Migration fears 'not racist', says Archbishop of Canterbury
People are entitled to fear the impact that the influx of large numbers of migrants could have on their communities, the Archbishop of Canterbury has said.
The Most Rev Justin Welby, who previously served as Bishop of Durham, said it was "absolutely outrageous" to condemn people who raised such concerns as racist.
In an interview with Parliament's The House magazine, he said that the scale of the migrant crisis meant such anxieties were entirely reasonable.
"There is a tendency to say 'Those people are racist', which is just outrageous, absolutely outrageous."
The Archbishop said it was essential that the "genuine fear" that people felt was listened to and resources put in place to address their concerns.
"In fragile communities particularly - and I've worked in many areas with very fragile communities over my time as a clergyman - there is a genuine fear: what happens about housing? What happens about jobs? What happens about access to health services?" he said.
He said that with the right support, the British people had shown they were able to deal "brilliantly" with the challenges which such situations created.
"It is simply a question of the scale on which we are prepared to act, in a way that spreads the load so it can be managed," he said.
"Fear is justified, I wouldn't want to criticise that for a moment, but so is hope wholly justified, because we have the capacity. We're those kind of people, we always have been."
Iain Duncan Smith, who used to lead the Conservative Party and is now Work and Pensions Secretary, welcomed the Archbishop's comments.
But he warned that, for many years, "the elites" equated anxieties about immigration with racism, allowing groups with "nasty motives" to capitalise on the issue.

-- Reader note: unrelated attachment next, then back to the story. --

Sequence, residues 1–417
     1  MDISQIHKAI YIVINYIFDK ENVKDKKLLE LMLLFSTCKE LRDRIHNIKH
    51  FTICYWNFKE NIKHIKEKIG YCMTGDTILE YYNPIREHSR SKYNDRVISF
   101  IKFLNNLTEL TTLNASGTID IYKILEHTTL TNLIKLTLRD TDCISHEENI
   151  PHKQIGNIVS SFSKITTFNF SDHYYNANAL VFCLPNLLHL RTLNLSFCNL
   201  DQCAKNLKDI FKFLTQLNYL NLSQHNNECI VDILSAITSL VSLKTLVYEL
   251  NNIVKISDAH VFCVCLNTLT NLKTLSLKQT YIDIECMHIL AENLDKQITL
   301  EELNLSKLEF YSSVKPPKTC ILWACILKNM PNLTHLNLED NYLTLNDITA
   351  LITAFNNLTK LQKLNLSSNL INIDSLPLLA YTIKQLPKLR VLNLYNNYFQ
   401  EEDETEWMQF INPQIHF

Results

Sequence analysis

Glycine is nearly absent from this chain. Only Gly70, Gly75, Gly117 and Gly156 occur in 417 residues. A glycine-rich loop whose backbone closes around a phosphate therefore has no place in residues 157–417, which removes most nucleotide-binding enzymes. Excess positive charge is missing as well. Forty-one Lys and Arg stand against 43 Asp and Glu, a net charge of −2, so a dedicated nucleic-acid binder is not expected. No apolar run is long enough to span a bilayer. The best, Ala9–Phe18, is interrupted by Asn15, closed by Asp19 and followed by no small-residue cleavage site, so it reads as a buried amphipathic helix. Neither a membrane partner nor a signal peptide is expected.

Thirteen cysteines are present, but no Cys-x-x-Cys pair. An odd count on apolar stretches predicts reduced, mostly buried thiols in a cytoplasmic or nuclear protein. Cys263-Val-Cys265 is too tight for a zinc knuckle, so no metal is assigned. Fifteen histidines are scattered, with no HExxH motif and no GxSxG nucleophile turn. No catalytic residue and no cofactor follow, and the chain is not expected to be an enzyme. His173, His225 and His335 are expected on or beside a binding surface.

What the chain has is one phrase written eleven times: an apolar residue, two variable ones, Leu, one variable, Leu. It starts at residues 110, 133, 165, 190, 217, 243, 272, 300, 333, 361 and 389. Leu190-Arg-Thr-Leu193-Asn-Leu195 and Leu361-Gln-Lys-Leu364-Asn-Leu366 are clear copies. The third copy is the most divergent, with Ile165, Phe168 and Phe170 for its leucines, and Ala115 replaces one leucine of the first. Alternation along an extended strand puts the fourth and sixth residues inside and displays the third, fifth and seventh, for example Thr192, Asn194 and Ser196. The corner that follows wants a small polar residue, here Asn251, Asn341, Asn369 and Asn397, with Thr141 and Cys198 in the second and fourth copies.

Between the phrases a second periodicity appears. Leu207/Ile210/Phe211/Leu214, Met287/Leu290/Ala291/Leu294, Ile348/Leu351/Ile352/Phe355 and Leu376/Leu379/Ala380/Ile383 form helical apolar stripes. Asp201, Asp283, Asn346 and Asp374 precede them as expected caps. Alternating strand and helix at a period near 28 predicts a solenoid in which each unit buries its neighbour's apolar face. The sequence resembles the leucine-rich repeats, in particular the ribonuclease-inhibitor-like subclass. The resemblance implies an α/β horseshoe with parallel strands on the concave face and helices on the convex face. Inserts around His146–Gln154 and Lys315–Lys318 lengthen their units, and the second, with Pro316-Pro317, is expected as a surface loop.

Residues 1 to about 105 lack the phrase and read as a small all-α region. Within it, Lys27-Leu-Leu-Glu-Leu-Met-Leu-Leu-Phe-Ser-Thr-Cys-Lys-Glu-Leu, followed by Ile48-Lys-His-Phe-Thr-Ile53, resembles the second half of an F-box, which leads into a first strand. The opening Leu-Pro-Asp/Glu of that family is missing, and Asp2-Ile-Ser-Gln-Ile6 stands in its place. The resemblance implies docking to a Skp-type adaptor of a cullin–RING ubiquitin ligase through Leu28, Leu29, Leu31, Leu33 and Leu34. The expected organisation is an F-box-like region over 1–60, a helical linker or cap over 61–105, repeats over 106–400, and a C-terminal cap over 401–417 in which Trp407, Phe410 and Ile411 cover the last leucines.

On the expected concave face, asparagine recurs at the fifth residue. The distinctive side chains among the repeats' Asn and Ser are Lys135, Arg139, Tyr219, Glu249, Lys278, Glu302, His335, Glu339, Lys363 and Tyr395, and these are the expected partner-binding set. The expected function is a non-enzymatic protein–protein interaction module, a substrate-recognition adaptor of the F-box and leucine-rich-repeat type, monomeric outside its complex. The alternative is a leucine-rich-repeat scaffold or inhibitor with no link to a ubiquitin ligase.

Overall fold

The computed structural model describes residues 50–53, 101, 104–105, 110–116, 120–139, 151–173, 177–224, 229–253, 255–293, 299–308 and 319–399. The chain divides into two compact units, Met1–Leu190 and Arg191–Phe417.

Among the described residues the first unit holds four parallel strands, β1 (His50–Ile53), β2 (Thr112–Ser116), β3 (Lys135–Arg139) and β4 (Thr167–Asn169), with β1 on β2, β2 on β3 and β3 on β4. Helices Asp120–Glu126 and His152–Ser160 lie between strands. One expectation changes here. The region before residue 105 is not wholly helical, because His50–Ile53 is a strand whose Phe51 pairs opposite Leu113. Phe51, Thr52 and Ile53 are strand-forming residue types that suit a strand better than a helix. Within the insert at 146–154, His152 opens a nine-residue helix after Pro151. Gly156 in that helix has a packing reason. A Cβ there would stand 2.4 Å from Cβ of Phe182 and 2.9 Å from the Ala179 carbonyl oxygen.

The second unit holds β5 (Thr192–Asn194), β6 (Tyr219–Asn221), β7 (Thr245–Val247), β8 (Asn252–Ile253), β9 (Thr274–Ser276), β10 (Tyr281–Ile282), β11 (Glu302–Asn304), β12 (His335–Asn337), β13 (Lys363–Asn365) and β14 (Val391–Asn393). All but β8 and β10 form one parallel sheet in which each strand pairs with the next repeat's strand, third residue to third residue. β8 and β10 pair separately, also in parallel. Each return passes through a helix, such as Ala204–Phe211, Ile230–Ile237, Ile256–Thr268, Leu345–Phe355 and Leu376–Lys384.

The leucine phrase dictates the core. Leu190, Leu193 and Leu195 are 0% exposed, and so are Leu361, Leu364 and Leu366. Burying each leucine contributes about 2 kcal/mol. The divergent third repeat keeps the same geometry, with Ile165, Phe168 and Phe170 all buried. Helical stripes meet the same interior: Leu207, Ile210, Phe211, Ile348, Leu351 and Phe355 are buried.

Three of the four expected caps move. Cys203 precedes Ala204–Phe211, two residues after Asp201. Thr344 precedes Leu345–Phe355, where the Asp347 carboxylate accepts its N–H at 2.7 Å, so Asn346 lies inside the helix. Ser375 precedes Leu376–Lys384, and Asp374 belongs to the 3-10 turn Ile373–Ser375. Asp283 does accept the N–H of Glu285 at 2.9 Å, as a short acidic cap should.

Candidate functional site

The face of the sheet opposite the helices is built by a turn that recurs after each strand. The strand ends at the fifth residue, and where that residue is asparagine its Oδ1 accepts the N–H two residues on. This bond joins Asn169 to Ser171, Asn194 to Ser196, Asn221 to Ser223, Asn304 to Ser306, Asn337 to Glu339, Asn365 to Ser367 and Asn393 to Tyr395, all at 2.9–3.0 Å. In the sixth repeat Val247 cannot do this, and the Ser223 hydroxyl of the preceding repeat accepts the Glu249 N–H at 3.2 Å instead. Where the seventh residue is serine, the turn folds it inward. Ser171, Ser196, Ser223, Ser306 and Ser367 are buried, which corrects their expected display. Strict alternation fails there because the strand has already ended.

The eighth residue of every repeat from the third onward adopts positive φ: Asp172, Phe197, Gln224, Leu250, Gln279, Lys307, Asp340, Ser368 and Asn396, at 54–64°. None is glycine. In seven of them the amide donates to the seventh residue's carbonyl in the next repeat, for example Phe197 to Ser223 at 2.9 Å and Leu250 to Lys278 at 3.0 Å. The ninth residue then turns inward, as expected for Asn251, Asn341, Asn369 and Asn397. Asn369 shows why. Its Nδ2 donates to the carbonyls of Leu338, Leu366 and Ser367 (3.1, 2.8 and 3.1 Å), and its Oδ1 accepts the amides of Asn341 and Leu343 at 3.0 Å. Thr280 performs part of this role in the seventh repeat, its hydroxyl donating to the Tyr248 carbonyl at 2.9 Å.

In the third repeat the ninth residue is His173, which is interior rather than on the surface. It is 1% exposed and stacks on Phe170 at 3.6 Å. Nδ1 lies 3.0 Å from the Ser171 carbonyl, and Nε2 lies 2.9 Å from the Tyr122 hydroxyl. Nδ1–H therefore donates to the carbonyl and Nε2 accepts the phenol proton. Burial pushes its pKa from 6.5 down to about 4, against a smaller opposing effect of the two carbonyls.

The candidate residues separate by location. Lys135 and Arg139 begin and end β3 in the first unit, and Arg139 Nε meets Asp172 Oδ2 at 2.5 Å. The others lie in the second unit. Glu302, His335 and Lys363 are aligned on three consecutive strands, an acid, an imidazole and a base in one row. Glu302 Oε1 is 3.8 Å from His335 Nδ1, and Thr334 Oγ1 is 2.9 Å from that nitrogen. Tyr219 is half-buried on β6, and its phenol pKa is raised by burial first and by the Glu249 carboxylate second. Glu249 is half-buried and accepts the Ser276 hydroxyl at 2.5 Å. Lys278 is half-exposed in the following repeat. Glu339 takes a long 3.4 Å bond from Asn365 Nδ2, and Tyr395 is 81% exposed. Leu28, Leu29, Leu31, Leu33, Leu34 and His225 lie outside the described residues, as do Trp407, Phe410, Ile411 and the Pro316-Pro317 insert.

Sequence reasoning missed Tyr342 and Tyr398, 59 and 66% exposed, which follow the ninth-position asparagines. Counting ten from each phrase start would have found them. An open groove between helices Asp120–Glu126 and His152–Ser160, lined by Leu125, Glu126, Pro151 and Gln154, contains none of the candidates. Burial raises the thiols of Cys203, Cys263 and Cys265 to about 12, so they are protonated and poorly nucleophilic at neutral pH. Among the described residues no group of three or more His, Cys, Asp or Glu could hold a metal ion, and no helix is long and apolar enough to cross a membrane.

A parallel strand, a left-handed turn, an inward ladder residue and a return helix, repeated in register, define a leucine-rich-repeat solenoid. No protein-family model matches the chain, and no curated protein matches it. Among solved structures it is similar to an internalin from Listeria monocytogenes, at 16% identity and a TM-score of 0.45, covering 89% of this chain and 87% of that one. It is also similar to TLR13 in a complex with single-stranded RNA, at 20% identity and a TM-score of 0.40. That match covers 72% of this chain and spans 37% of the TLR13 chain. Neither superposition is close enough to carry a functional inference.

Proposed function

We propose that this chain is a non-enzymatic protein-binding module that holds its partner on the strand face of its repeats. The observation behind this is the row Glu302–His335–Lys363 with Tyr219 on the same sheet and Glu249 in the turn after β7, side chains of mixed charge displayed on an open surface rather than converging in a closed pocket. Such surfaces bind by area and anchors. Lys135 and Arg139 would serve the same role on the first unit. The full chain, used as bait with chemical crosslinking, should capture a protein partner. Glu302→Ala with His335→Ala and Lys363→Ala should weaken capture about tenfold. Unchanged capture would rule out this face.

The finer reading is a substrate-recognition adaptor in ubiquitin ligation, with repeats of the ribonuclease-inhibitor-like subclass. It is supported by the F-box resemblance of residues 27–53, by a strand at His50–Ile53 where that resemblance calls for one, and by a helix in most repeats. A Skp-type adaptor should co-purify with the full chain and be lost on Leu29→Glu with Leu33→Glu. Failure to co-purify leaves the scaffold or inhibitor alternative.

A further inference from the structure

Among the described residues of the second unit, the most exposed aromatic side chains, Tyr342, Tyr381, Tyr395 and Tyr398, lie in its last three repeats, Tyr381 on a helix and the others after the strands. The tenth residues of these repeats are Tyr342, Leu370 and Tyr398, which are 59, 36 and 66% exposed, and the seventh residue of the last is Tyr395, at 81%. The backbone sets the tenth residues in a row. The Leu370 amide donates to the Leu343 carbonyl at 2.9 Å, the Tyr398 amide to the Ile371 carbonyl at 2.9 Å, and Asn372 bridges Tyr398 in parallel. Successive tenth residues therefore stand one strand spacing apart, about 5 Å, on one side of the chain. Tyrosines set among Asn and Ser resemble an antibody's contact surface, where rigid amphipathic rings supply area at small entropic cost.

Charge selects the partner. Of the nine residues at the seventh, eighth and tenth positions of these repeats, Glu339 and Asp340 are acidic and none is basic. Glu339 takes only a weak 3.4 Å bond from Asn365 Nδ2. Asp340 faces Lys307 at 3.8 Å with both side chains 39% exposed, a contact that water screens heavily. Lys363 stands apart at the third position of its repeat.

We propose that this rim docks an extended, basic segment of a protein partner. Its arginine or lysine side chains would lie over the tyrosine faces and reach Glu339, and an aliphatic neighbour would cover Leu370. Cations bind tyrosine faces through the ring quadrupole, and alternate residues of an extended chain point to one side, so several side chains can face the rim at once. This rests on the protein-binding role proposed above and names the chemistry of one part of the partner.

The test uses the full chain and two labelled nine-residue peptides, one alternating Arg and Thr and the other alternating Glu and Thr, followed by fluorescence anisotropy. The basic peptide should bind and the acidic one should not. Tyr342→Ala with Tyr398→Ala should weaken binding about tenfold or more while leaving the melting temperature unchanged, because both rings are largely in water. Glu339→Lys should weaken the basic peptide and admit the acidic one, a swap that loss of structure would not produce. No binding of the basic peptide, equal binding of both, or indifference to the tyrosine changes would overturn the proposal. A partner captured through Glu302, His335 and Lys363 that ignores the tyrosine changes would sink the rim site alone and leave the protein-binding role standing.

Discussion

He told the BBC Radio 4 Today programme: "I think these are rational comments from the Archbishop and are to be welcomed, but, you know, you wonder just how late they have come from various people in institutions."
He added: "For far too many years, what's happened is that, in a sense, the elites really all said 'It is terrible to talk about immigration and if you do you are racist'.
"So they shut down the debate for many, many years. I can even remember back at the time when Tony Blair was prime minister, to even mention immigration was to be accused of being a racist.
"You talked in terms about asylum seekers, but that accusation probably silenced legitimate discussion and it meant that, if you do that, what happens is you push this debate to the margins, which is what you are seeing in Europe.
"And then political parties and people with very poor intentions and rather nasty motives then start to take this issue, and that's where you lose control.
"So this should have been the case many, many years before but shutting it down has been terrible for the British people."